Harvard Admits Proudly owning Hair Samples of 700 Native American College students
Harvard College’s Peabody Museum of Archaeology and Ethnology disclosed this week that for over 80 years, it has held a big assortment of hair samples that have been taken from round 700 Native American college students compelled to attend government-sponsored residential faculties within the early twentieth century. In a November 10 assertion, the museum apologized to Indigenous tribal nations and descendants for its “complicity within the objectification of Native peoples,” and indicated that it had initiated the method of returning samples to households and tribes.
Taken between 1930 and 1933, the hair samples — which a spokesperson for the museum stated have by no means been publicly displayed — have been gathered by lecturer and analysis fellow in anthropology at Harvard George Edward Woodbury and donated to the museum in 1935.
“For the reason that occasions of Herodotus and Aristotle and even earlier than, the outward look of the hair has been acknowledged as one of the crucial distinctive of racial standards,” Woodbury wrote in his 1932 publication entitled “Variations Between Sure of the North American Indian Tribes as Proven by a Microscopical Research of Their Head Hair.”
“A lot of this work was carried out to help, straight or not directly, scientific racism,” the Peabody Museum explains in an outline of the gathering. “Descriptions and measurements of hair sorts have been used to justify racial classes and hierarchies.”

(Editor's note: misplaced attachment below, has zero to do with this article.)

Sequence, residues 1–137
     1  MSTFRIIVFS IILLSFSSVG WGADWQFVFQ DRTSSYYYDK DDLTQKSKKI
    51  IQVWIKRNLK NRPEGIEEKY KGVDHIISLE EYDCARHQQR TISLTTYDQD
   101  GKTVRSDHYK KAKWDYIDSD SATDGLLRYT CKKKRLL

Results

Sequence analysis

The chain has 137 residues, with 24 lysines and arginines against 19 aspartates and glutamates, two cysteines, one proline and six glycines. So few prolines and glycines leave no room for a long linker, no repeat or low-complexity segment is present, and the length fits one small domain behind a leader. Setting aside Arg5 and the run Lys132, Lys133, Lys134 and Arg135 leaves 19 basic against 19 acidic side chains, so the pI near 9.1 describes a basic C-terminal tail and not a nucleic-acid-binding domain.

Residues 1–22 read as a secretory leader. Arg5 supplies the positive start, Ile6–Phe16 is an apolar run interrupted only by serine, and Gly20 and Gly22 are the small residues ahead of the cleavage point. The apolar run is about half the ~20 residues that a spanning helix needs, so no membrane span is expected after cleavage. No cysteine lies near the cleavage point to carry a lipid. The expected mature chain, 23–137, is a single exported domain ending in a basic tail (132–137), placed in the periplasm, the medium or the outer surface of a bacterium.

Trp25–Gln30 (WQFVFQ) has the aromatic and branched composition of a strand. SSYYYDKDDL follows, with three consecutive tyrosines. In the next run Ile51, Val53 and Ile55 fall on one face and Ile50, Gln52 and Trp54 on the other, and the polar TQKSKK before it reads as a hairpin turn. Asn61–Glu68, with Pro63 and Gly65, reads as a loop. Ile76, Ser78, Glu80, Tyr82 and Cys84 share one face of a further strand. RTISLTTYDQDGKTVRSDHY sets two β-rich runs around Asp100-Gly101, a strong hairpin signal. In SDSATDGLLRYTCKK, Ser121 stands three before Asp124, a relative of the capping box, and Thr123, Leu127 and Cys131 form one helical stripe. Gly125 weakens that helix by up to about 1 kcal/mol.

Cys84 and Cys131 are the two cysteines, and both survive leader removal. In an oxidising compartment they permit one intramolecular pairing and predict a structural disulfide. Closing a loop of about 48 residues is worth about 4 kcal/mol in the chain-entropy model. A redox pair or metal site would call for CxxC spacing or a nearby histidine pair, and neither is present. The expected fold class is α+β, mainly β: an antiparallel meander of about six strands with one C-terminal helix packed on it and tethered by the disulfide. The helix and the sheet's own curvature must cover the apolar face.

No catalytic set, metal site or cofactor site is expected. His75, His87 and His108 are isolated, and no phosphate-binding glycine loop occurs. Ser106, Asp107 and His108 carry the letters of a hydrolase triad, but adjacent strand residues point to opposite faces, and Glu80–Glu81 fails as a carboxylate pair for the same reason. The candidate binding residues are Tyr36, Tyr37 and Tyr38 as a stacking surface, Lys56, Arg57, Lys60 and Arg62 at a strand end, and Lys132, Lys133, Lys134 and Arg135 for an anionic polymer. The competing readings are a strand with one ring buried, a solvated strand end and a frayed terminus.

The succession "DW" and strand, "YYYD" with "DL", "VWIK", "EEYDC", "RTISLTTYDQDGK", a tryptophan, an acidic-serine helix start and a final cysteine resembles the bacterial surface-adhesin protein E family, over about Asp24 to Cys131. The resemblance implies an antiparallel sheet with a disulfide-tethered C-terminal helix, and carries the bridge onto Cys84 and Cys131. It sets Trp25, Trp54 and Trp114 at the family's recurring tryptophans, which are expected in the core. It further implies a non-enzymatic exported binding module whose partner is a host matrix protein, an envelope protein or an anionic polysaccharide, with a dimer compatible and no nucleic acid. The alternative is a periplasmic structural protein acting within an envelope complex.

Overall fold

Earlier this yr, the Division of Inside launched a report detailing the historical past of compelled state-sponsored efforts to assimilate Native Individuals. This systematic erasure of Indigenous traditions and id — which some have described as cultural genocide — came about by way of the violent separation of youngsters from their households, their relocation to boarding faculties, and bans on the usage of their languages. Among the many many indignities that college students suffered at these faculties was the shearing of their hair.
The Nationwide Native American Boarding Faculty Therapeutic Coalition (NABS) launched a assertion responding to revelations on the Peabody Museum.
“The importance of hair to Indigenous peoples has at all times been a deeply sacred one,” NABS wrote. “This, in fact, was additionally identified to Indian boarding faculty directors who systematically lower the hair of Native kids upon processing and enrollment, which makes the hair cuttings held at Harvard’s Peabody Museum deeply advanced and totally horrific to even contemplate.”
“We be a part of our kinfolk in grief,” the coalition added.
The Peabody Museum’s web site now features a web page that catalogs affected tribes and areas the place samples have been collected, together with the Fort Totten Indian Faculty in North Dakota, the Sherman Institute in California, and the US Indian Vocational Faculty in New Mexico.
Information in regards to the hair samples follows a number of latest failures by the college to repatriate objects and stays to their correct house owners. In June, a leaked report revealed that the Peabody Museum held the human stays of no less than 19 individuals who have been doubtless enslaved and virtually 7,000 Native Individuals, and in September, the college pledged to return them.
The Peabody additionally continues to carry daguerreotypes of the enslaved ancestors of Tamara Lanier, who has waged a tireless marketing campaign for his or her return.
NABS’s assertion concludes with calls for that Harvard “deepen their understanding and take accountability,” “work with Tribes in good religion towards the return of all supplies,” and “instantly tackle and prioritize the repatriation … of the remaining Ancestors and burial belongings nonetheless of their possession.”
“On this troublesome time, we’re but once more reminded of the racist and colonial historical past that has straight benefited establishments equivalent to Harvard College,” it reads.
Harvard has not but responded to Hyperallergic’s rapid request for extra remark.